The FDA isn’t done trying to take away your supplements

For years, people like you and I have been placing our trust in the medications Big Pharma reassured us were safe.

It’s not our fault we’ve been duped. After all, look at the shocking lengths they’ve gone to just to convince us…

  • As of March 31, 2018, 887 deaths have been attributed to side effects of Nuplazid, a drug for Parkinson’s disease. It turns our Acadia Pharmaceuticals was paying doctors to prescribe their deadly drug.
  • Pharmaceutical giant Merck hired ghostwriters to write favorable papers on the deadly painkiller Vioxx, and paid doctors to say they had authored the papers

Where are we now?

“In many cases, people may be placing their trust and money in therapies that may bring little to no benefit in combating serious ailments, or worse — that may cause serious and even irreparable harm because the products are poorly manufactured or contain active ingredients that aren’t adequately tested or disclosed to patients.”

That statement was made in December 2017 by FDA Commissioner Scott Gottlieb, who’s scheduled to leave his post soon.

But here’s the thing… Commissioner Gottlieb wasn’t talking about Big Pharma’s dangerous drugs…

No, sir. He was talking about dietary supplements. The ones Big Pharma can’t make any money from. The ones they’re still trying to drive off the market.

A little history

Before Congress passed the Dietary Supplement Health and Education Act (DSHEA) in 1994, vitamins and other supplements were almost regulated out of existence.

DSHEA protected supplement companies by distinguishing between “food additives,” which were, and are, highly regulated by the FDA, and dietary supplements, which were not.

The only exception was any ingredient considered a “new dietary ingredient,” or NDI. These are ingredients that weren’t marketed in the United States before DSHEA came into being.

Related: Seniors beware: They’re coming for your supplements

According to the Act, a company must submit safety data on any NDI 75 days before marketing it. The FDA gets to decide if it is a safe ingredient or not.

For some reason, the FDA waited 17 years before enforcing this. When they did, it was with a vengeance.

Squeezing dietary supplements off the market

Two separate FDA “guidance documents,” in 2011 and again in 2016, continued to strangle the supplement industry by narrowing the definition of just what is considered an NDI.

Consider this:

  • If a supplement includes more of an ingredient than was used prior to 1994 (when DSHEA was passed) — even something like Vitamin C — it’s new.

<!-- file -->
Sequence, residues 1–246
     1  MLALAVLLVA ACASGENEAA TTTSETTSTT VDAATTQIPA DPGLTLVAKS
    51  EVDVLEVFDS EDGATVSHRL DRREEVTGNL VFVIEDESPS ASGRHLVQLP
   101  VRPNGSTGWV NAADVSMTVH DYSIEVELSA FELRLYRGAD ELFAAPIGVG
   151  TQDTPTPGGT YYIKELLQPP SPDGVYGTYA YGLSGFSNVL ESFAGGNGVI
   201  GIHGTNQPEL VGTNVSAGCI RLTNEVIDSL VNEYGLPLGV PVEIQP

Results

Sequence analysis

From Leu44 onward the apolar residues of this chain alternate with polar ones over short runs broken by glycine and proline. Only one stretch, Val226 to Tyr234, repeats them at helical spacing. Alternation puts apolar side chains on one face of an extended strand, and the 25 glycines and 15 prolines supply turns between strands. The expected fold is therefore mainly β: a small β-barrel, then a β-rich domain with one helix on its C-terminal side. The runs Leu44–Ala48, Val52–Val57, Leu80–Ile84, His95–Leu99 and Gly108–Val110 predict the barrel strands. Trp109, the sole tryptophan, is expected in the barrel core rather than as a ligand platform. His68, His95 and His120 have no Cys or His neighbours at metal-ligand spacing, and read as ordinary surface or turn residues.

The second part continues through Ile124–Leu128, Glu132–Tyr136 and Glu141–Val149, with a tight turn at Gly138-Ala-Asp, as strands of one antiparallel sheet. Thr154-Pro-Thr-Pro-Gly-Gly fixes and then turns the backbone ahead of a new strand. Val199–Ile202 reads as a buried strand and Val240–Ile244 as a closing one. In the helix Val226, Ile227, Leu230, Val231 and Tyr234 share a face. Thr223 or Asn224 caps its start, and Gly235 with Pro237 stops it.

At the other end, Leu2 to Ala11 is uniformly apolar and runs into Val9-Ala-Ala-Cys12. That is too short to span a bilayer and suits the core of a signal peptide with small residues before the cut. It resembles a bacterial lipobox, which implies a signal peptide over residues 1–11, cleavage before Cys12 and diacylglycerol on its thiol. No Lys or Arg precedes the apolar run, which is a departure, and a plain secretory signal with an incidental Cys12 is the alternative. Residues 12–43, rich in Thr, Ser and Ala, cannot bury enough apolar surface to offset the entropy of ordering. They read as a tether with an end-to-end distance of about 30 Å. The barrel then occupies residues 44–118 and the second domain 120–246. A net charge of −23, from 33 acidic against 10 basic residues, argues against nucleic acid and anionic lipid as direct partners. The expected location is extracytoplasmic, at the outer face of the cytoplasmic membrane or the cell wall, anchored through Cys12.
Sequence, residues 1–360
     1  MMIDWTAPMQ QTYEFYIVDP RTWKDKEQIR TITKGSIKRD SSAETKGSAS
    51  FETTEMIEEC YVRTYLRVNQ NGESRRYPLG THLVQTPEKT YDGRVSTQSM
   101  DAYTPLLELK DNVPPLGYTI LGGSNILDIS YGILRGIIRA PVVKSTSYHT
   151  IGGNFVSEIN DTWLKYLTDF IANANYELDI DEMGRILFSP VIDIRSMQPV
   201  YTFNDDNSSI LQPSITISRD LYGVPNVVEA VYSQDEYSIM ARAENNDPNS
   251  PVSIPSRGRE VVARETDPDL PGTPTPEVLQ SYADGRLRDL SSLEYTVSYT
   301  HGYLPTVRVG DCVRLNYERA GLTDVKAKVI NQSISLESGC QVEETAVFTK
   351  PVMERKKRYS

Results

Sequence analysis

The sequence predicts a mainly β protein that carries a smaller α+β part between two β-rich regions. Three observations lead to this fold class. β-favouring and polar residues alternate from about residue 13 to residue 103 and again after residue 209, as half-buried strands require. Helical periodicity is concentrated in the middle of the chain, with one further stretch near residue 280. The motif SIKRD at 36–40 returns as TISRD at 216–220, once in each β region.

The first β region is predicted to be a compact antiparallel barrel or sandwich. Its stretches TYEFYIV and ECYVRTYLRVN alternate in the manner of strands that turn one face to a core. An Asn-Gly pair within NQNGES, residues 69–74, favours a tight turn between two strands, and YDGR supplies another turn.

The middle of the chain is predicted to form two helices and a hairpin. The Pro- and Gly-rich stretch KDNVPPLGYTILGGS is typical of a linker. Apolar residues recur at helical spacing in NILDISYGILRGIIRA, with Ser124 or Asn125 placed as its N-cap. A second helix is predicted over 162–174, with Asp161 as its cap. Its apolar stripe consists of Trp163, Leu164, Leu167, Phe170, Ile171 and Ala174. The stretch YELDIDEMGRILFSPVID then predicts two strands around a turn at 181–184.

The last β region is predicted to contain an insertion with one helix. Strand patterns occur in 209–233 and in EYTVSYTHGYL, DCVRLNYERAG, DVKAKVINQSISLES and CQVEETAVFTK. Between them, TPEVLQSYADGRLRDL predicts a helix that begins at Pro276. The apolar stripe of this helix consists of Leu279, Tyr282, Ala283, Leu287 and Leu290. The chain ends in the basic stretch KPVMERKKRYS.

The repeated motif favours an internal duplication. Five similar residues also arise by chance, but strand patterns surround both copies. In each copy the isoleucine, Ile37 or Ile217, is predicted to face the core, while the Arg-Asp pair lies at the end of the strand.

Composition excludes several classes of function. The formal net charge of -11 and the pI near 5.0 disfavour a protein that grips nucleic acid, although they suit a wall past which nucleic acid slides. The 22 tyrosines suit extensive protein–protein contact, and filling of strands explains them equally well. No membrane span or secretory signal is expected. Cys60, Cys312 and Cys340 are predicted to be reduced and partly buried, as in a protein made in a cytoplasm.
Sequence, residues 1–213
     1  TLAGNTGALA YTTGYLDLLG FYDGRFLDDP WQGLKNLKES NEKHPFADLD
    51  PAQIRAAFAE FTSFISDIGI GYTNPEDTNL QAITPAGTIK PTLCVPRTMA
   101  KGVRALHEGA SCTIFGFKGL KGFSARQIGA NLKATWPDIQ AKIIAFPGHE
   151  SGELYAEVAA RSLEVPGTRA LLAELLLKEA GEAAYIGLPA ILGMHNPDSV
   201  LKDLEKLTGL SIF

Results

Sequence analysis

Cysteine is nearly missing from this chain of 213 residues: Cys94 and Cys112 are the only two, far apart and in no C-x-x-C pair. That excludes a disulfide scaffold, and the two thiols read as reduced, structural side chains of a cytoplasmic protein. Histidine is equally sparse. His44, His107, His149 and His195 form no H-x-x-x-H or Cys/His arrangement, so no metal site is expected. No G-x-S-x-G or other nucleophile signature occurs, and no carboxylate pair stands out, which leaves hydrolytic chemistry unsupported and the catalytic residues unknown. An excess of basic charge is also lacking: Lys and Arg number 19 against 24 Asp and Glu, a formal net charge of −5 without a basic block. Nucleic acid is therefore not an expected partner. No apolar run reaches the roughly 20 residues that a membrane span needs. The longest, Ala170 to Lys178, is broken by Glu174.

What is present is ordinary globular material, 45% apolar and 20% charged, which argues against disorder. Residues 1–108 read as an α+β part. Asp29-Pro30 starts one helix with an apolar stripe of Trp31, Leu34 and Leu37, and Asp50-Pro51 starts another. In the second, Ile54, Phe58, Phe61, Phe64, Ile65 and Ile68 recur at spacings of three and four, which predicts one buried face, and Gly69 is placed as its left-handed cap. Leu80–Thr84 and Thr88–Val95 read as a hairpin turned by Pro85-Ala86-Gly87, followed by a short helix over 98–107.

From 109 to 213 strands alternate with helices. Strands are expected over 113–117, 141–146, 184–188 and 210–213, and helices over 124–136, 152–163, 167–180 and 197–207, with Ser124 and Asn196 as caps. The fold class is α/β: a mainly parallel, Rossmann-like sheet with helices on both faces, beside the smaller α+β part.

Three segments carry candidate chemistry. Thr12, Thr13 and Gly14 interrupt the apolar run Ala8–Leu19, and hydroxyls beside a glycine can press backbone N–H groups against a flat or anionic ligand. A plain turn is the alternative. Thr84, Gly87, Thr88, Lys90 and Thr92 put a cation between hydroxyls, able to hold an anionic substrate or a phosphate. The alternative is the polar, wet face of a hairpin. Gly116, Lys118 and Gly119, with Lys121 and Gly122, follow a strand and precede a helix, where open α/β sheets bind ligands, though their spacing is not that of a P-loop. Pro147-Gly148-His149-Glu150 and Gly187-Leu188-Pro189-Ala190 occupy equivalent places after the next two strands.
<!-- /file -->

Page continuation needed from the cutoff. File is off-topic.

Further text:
• If an ingredient uses a different extraction process — like baking or fermentation — it’s new.
  • If a supplement uses an ingredient at a different “life stage” — such as using ripe rather than non-ripe apples — it’s new.
  • If a probiotic formula includes a strain of bacteria that wasn’t found in yogurt 17 years ago, it’s new.

And they’re not done yet.

Revisiting DSHEA

Earlier this month, FDA Commissioner Gottlieb issued a press release expressing his concern that “changes in the supplement market may have outpaced the evolution of our own policies and our capacity to manage emerging risks.”

Translation: The supplement industry is growing bigger and healthier, and Big Pharma can’t get its hands on the profits.

He notes that “what was once a $4 billion industry comprised of about 4,000 unique products, is now an industry worth more than $40 billion, with more than 50,000 — and possibly as many as 80,000 or even more — different products available to consumers.”

One step he’s already been taken is to form the Botanical Safety Consortium, a “public-private partnership that will gather leading scientific minds from industry, academia and government to promote scientific advances in evaluating the safety of botanical ingredients and mixtures in dietary supplements.”

Makes you wonder why Nuplazid and Vioxx didn’t come under the same microscopic level of scrutiny before they killed all those people.

Stay tuned to see what else the FDA has in store. In the meantime, here are a few ways you can do your due diligence before taking any new medication.

And, here’s even more insight into how the FDA and Big Pharma work together at your expense.

Sources:

  1. FDA commissioner announces plan to modernize regulation of dietary supplements — Natural Products INSIDER
  2. DSHEA – 20 Years Later – The Good, The Bad And The Ugly — CCBJ
  3. FDA Issues Long-Awaited Revised Dietary Supplement NDI Draft Guidance — FDA Law Blog
  4. Statement from FDA Commissioner Scott Gottlieb, M.D., on the agency’s new efforts to strengthen regulation of dietary supplements by modernizing and reforming FDA’s oversight — U.S. Food and Drug Administration
  5. Dietary Supplements: New Dietary Ingredient Notifications and Related Issues: Guidance for Industry — U.S. Food and Drug Administration
  6. The FDA’s Efforts To Regulate Dietary Supplements, Then And Now — CCBJ
Joyce Hollman

By Joyce Hollman

Joyce Hollman is a writer based in Kennebunk, Maine, specializing in the medical/healthcare and natural/alternative health space. Health challenges of her own led Joyce on a journey to discover ways to feel better through organic living, utilizing natural health strategies. Now, practicing yoga and meditation, and working towards living in a chemical-free home, her experiences make her the perfect conduit to help others live and feel better naturally.